Publisher: Lion Fiction
Release date: 27 March 2016
Back cover blurb: Berlin, 1933: as Hitler rises to power; the law--designed to protect and serve--becomes twisted to the will of those who dream of a pure Aryan race. SS Officer Walter Gunther is intensely loyal to the Third Reich. His readiness to kill without question or remorse would seem to make him the ideal candidate to lead the T4 euthanasia programme. SS officer Karl Muller, a trainee doctor and engineer, is also brought into the programme, and assured that his work is consistent with the Hippocratic oath he's due to take. Their mandate: to kill the "unworthies"--not just the Jews, but crippled children, the mentally ill, homosexuals. Hedda, Walter's wife and old acquaintance of Karl, has no idea of what their work entails. Until, that is, the fate of their families is at stake, and each must confront afresh the choices they have made. This dark, tense novel is a compelling story of human tragedy, and man's potential to revel in, or fight against, the evil actions of a corrupted nation.
For me, there are lots of important books about Nazi Germany that deal with the holocaust and are usually from the victims perspective. But I have never read a novel quite like the End of Law, and it is brilliant (and not only for its alternative viewpoint/subject matter)!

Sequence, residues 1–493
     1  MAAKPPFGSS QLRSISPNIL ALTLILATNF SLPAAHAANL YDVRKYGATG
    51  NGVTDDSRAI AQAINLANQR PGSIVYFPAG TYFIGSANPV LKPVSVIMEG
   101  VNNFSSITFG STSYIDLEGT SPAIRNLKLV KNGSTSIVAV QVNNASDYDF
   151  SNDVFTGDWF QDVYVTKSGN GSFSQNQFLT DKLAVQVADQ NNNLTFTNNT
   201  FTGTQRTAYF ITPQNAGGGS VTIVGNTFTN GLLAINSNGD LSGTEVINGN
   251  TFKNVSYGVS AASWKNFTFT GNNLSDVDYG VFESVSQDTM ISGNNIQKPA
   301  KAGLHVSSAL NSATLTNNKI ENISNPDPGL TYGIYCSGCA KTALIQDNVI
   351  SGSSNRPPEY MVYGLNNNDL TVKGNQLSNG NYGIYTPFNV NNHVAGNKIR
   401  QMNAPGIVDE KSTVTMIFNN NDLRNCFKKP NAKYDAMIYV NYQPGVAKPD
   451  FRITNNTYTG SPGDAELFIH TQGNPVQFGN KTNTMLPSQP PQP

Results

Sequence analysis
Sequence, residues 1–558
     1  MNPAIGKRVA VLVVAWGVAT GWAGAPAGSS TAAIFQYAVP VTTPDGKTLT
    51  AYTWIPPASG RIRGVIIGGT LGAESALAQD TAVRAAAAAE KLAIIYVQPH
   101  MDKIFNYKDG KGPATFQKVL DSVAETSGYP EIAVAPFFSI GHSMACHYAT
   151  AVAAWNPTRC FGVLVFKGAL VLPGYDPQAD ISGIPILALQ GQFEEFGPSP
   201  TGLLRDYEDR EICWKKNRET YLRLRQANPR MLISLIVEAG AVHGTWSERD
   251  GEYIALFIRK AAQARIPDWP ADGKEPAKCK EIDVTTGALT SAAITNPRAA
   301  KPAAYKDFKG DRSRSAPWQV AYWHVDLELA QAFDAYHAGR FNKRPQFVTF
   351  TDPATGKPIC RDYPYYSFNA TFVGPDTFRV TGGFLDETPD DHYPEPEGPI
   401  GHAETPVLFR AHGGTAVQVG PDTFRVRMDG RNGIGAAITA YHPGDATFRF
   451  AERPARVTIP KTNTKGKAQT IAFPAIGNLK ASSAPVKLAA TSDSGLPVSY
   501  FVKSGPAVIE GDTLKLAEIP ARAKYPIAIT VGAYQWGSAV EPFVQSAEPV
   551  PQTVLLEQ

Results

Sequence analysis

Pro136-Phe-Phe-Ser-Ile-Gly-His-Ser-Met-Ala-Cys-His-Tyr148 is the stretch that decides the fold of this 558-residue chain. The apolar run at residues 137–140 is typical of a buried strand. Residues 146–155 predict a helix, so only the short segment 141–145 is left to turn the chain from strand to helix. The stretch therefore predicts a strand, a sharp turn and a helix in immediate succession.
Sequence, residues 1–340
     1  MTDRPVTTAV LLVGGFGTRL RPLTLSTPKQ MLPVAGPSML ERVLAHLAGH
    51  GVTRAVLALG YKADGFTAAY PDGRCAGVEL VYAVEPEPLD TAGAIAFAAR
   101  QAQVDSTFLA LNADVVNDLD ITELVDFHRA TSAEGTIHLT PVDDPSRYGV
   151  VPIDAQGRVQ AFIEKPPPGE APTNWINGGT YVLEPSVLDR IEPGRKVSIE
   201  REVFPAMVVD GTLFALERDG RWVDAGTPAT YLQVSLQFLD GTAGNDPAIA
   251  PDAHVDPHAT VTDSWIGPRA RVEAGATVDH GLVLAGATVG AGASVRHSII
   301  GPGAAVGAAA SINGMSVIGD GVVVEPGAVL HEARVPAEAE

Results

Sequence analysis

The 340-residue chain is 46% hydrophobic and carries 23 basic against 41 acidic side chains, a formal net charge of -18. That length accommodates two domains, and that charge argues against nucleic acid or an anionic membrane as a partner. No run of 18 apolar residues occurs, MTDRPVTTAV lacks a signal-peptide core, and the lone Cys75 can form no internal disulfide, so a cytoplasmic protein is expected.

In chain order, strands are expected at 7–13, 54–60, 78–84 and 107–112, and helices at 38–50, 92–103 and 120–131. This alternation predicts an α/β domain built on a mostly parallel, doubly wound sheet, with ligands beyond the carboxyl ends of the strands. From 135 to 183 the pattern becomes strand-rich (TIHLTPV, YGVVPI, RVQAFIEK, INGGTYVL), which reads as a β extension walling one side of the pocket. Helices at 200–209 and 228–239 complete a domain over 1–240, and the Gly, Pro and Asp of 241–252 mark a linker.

Hedda is a sensible girl from a good family who is expected to marry well, and she does, capturing the heart the eligible and handsome SS Officer, Walter Gunter. Unfortunately Hedda has yet to realise that Gunter’s loyalty to his political party far outweighs any loyalty he may have for his family.
Walter is already a highly regarded officer in the Nazi party when he is asked to become involved with T4 – an SS managed euthanasia ‘program’ designed to expel Germany of the mentally ill and disabled. As he becomes more involved with his work, he withdraws from his family.
His parents visit he and his wife unannounced as Walter's father is concerned about his work with the Nazi party, the direction that the party are taking, and his sons beliefs.What follows is the first real indication of just how deeply entrenched the parties beliefs have become instilled in Walter, and this sets the scene for the rest of the novel.
Hedda is unaware of the work that her husband is doing, she is only aware of a change in him, and he is no longer the man she married.
As the war in Europe rages on, tensions between husband and wife escalate, their family further torn apart by a bomb ruining their family home and threatening their daughters life. Could this bring them closer together, or will it drive a terrible wedge through an already strained marriage?
What follows cannot be predicted. It is a true exploration of how even those around us that we love, can at times be completely different human beings to the ones that we thought they were.
It is a novel that reminds us that although all of the war crimes that were committed were horrific, at the end of the day they were committed by real people, with real families and loved ones of their own.
And that only makes it even more chilling.